Tragic details that have come out about these celebrity chefs

Sometimes, it's tough to think of celebrities as normal people with normal-people-problems. While they might not have precisely the same struggles as the majority of us, that doesn't mean they don't carry their own demons. And sometimes, those demons are extra horrible.

For some, tragedy came before the stardom and cooking was their way out of horrible circumstances. For others, it came after everyone knew their name and after they had risen to the world stage — and that has to make talking about it even harder. They've struggled with addiction, survived abusive relationships, and buried loved ones. Some have buried children.

But here's the thing: in spite of it all, they continue to appear on our screens and in our homes, soldiering on through some of the most horrific moments life can throw at them. That's what people do, after all, and sometimes, realizing that tragedy strikes even the biggest celebrities can help make us normal people feel not-so-alone. Behind their smiles for the cameras while stirring up your favorite dishes, these are the major tragedies these celebrity chefs have dealt with.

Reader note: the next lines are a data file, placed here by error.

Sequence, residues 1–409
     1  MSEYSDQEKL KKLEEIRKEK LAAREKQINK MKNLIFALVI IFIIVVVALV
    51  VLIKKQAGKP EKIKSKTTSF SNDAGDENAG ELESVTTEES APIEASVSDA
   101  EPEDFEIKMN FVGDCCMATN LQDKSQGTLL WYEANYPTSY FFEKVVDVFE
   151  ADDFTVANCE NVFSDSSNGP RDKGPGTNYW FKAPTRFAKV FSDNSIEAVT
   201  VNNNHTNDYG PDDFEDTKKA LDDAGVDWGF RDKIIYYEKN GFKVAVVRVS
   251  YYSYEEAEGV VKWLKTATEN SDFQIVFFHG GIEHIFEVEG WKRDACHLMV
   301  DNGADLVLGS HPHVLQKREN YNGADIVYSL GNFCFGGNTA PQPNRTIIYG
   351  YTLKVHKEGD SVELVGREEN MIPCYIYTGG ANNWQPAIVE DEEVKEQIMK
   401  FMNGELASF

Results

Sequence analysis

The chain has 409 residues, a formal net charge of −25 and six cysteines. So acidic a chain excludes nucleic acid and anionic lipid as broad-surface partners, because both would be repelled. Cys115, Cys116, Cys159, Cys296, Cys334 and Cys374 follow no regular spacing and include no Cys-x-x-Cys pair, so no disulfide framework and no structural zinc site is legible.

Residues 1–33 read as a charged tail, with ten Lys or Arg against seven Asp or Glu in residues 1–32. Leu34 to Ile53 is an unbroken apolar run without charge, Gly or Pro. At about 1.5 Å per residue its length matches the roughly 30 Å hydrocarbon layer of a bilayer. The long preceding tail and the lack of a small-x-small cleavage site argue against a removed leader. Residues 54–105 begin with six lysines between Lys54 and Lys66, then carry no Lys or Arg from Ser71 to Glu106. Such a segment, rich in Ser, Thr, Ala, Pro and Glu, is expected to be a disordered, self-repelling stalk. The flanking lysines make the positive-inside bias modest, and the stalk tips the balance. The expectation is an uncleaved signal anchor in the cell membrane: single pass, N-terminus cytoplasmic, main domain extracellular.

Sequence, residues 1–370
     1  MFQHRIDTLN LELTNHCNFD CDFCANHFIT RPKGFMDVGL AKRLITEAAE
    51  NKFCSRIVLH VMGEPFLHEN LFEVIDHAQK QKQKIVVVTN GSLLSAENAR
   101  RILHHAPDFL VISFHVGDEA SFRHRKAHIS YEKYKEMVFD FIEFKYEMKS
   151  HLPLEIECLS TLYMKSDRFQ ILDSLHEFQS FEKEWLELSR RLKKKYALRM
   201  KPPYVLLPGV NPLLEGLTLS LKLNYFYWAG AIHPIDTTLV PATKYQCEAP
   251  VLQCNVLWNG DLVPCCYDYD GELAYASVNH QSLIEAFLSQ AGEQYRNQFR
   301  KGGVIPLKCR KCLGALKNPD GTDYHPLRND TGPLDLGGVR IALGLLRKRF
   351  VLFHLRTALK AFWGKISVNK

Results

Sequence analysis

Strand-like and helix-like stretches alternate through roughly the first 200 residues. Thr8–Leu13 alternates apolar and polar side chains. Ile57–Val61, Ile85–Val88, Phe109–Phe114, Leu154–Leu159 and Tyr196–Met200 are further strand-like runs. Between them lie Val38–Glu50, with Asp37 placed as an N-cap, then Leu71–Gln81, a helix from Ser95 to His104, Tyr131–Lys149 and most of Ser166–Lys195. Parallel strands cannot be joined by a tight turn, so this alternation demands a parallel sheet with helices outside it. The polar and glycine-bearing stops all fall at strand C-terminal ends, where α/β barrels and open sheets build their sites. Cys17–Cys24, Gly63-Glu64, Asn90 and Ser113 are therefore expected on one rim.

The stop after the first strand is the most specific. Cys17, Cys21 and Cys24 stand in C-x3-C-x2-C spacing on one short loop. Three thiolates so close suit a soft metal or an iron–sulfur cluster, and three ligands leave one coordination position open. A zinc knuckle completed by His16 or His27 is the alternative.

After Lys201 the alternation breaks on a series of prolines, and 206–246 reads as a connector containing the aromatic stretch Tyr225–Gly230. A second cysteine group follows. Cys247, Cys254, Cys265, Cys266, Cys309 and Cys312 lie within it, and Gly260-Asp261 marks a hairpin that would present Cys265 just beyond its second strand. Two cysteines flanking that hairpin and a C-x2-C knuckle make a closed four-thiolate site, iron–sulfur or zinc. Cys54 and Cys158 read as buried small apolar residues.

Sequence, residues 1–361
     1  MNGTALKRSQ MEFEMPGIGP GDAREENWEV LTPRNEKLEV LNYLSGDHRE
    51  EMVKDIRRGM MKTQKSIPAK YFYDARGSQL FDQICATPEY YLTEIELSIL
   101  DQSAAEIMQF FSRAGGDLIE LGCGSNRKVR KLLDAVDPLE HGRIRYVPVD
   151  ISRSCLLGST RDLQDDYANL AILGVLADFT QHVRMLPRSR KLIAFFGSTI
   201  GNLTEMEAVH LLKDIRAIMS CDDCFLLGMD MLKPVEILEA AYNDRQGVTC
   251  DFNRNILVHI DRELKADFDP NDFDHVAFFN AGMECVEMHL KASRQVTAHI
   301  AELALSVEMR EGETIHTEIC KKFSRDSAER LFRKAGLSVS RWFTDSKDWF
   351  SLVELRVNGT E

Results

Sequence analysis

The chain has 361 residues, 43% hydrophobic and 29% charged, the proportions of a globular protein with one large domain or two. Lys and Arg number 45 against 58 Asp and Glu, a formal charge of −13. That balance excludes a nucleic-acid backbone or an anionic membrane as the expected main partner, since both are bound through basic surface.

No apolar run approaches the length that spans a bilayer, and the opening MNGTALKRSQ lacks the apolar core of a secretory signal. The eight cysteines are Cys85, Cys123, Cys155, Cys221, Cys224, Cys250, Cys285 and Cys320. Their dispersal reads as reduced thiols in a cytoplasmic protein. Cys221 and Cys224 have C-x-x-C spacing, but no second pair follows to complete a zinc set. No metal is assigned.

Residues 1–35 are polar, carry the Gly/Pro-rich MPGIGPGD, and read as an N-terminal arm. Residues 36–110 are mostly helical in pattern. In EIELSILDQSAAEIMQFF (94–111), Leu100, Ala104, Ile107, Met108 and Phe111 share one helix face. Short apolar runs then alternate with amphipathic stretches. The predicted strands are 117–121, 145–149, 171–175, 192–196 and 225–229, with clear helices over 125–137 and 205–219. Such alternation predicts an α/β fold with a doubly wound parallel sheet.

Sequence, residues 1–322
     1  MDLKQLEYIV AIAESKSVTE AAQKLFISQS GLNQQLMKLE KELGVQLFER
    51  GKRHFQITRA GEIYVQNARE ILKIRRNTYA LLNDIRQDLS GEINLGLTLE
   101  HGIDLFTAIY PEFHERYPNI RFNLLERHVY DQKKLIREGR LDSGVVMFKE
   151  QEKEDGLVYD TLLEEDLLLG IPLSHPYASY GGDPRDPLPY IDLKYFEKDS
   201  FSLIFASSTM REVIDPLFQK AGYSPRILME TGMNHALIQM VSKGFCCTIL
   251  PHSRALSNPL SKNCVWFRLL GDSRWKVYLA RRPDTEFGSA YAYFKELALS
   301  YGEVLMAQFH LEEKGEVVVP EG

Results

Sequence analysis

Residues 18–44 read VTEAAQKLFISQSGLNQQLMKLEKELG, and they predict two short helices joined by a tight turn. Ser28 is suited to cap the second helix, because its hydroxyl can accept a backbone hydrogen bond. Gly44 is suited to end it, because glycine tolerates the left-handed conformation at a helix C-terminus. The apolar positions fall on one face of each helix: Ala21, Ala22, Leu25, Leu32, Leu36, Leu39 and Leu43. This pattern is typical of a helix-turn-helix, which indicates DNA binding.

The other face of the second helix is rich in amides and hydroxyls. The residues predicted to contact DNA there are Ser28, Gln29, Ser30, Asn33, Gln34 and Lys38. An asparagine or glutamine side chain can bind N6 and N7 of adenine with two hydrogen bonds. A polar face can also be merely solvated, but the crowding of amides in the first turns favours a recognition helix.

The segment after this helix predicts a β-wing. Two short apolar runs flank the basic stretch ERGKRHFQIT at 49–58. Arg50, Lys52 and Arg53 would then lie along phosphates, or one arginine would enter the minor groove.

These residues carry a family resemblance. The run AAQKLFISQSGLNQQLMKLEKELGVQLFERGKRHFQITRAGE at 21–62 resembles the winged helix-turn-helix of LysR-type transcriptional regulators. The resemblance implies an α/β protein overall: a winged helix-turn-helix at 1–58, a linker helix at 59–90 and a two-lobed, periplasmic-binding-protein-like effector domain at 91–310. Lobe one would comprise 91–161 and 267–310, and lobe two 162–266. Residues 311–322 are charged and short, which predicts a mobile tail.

Gordon Ramsay's family suffered a miscarriage

Gordon Ramsay might have a bit of a reputation as being a tyrant in the kitchen, but outside, he's a pretty decent guy. He and his wife, Tana, do a ton of charity work, particularly with the Great Ormond Street Hospital and the Louis Dundas Centre for Children's Palliative Care. Who knew he was such a family man?

But that family has had their share of tragedy in recent years. In 2016, Ramsay posted a heartbreaking message on social media, announcing that his wife had suffered a miscarriage at five months. Miscarriage at any stage is traumatic, and according to Tommy's, late miscarriage (loss of a pregnancy between 13-24 weeks of gestation) can be particularly devastating in part because there is often no way to determine the cause. Figuring out the "why" can be an important part of the healing process, and the grief that comes with miscarriage is unlike any other.

But fortunately, the Ramsay family followed tragedy with some happy news, announcing (via USA Today) in 2019 that they were expecting again. In April, they announced (via People) they had welcomed a healthy baby boy named Oscar into their family.

Guy Fieri's sister struggled with cancer from 4 years old

In 2011, Guy Fieri released a cookbook called Guy Fieri Food: Cookin' It, Livin' It, Lovin' It. The dedication was particularly personal to him, and he had originally written it to his mother, father, and sister. But even as he was writing the book, his sister was losing her battle with cancer. She passed away just as the book was going to print, and Fieri had them change the dedication to her.